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#!/usr/local/bin/perl
use warnings;
use strict;
use utf8;
use Encode qw(encode);
my $dir = '/data/Delibes, Léo';

if ( -d $dir ) {
    print "OK\n";
}

if ( -d encode 'utf8', $dir ) {
    print "OK\n";
}

This prints 2 times OK; I suppose this is because Perl stores $dir internally as utf8.

I there a way to check if PerlIO::fse has an effect on the filetest operators as long as perl and the filesystem stores in utf8?


Edit:

#!/usr/local/bin/perl
use warnings;
use 5.014;
binmode STDOUT, 'utf8';
use utf8;

my $dir1 = 'é';
my $dir2 = chr(0xE9);

opendir my $dh1, $dir1 or warn '1: ', $!;
say "OK1" if -d $dir1;
opendir my $dh2, $dir2 or warn '2: ', $!;
say "OK2" if -d $dir2;

utf8::upgrade( $dir1 );
utf8::upgrade( $dir2 );

opendir my $dh3, $dir1 or warn '3: ', $!;
say "OK3" if -d $dir1;
opendir my $dh4, $dir2 or warn '4: ', $!;
say "OK4" if -d $dir2;

# OK1
# 2: Datei oder Verzeichnis nicht gefunden at ./temp1.pl line 12.
# OK3
# OK4

Maybe I have not exactly understood how PerlIO::fse works - in this example I can't see any effect from PerlIO::fse:

#!/usr/local/bin/perl
use warnings;
use 5.014;
binmode STDOUT, 'utf8';
use utf8;
use PerlIO::fse 'utf-8';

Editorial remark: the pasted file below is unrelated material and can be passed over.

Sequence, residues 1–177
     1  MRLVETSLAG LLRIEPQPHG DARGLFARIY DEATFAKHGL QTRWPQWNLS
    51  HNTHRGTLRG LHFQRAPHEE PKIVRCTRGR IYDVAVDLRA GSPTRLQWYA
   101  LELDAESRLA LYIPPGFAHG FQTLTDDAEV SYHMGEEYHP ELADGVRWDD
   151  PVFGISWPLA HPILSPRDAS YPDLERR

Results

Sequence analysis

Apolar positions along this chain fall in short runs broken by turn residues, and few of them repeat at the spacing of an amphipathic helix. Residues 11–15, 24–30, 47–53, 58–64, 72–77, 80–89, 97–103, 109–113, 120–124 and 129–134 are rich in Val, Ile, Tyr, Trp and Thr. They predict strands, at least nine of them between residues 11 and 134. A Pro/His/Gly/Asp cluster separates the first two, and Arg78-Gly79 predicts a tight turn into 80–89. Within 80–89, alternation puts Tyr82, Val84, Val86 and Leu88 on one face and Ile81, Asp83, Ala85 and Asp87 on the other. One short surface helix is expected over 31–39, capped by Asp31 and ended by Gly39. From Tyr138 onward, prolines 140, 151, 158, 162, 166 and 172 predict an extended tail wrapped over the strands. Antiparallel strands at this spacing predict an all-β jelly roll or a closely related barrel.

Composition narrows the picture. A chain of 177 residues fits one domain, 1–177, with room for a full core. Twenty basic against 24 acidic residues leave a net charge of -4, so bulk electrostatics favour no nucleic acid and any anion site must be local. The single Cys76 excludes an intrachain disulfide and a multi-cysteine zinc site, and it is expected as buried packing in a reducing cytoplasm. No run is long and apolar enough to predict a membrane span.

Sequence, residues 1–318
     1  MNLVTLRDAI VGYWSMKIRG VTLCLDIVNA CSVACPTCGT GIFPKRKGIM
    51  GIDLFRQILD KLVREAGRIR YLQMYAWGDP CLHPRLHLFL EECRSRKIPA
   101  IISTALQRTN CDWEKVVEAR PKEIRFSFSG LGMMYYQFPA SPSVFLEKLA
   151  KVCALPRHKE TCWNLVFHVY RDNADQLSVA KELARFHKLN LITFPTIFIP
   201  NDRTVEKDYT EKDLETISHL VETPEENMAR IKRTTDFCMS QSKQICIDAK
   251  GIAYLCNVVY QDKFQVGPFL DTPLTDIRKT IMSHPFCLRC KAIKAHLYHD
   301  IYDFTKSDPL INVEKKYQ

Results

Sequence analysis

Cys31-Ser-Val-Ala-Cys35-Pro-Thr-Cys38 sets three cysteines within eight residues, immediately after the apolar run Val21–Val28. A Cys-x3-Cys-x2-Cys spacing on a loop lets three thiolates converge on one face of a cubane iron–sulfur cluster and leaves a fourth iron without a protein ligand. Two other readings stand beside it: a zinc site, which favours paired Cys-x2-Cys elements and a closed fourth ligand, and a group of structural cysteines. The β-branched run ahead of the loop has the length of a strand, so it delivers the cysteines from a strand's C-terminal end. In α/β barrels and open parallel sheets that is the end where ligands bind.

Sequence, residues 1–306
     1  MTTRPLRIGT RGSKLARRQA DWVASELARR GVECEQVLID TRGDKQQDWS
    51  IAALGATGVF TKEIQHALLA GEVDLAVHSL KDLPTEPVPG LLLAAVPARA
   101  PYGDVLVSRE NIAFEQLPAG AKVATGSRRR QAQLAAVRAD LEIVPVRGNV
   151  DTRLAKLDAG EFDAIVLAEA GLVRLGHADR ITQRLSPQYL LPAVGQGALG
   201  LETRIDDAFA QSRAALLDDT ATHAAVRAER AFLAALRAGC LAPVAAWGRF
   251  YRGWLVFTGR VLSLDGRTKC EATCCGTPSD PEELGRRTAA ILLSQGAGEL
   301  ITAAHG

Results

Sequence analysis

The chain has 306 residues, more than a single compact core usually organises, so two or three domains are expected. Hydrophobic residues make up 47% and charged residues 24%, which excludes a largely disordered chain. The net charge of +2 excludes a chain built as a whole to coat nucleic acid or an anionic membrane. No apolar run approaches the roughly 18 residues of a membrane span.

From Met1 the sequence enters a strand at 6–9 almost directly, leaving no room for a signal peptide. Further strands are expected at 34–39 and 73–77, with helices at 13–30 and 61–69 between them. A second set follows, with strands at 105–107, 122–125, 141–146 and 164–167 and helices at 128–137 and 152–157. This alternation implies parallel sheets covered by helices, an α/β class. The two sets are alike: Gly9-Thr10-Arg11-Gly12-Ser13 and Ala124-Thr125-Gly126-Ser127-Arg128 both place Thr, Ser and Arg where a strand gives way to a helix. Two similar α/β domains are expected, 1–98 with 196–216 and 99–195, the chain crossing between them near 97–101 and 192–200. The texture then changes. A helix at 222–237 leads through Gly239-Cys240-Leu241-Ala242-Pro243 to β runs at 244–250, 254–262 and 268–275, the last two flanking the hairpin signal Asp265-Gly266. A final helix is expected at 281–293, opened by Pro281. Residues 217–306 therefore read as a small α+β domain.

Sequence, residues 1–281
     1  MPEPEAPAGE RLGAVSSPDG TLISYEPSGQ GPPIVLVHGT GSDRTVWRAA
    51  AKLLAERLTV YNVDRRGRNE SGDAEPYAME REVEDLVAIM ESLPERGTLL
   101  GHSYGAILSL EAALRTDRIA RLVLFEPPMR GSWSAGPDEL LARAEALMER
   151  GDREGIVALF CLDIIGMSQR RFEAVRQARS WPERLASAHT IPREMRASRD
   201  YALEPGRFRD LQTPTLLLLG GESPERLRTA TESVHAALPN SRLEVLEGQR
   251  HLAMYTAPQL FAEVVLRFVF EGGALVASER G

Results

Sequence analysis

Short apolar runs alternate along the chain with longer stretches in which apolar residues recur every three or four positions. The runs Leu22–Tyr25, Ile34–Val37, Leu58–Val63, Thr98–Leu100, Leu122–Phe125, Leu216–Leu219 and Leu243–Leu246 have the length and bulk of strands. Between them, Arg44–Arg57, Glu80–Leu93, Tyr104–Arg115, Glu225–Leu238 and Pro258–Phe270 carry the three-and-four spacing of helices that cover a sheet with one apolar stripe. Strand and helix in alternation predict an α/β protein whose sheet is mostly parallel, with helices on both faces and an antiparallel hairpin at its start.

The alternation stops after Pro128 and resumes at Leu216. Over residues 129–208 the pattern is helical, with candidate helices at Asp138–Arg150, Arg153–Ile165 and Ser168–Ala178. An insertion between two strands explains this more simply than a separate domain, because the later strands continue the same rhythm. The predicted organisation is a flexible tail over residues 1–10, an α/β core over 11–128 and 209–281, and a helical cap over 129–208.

my $dir1 = 'é';
my $dir2 = chr(0xE9);

opendir my $dh1, $dir1 or warn '1: ', $!;
say "OK1" if -d $dir1;
opendir my $dh2, $dir2 or warn '2: ', $!;
say "OK2" if -d $dir2;

# OK1                                                                                       
# 2: Datei oder Verzeichnis nicht gefunden at ./temp1.pl line 13. 
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1 Answer 1

up vote 1 down vote accepted

Test with:

my $file_name = chr(0xE9);  # e acute.
utf8::downgrade($file_name);

my $file_name = chr(0xE9);
utf8::upgrade($file_name);

The first will produce junk in a UTF-8 locale if it's not UTF-8 encoded first.

The second will produce junk in other locales if it's not encoded first.

(They're suppose to be the same, but there's a bug in most/all builtins that take file names, the same bug that's preventing you from testing it properly.)

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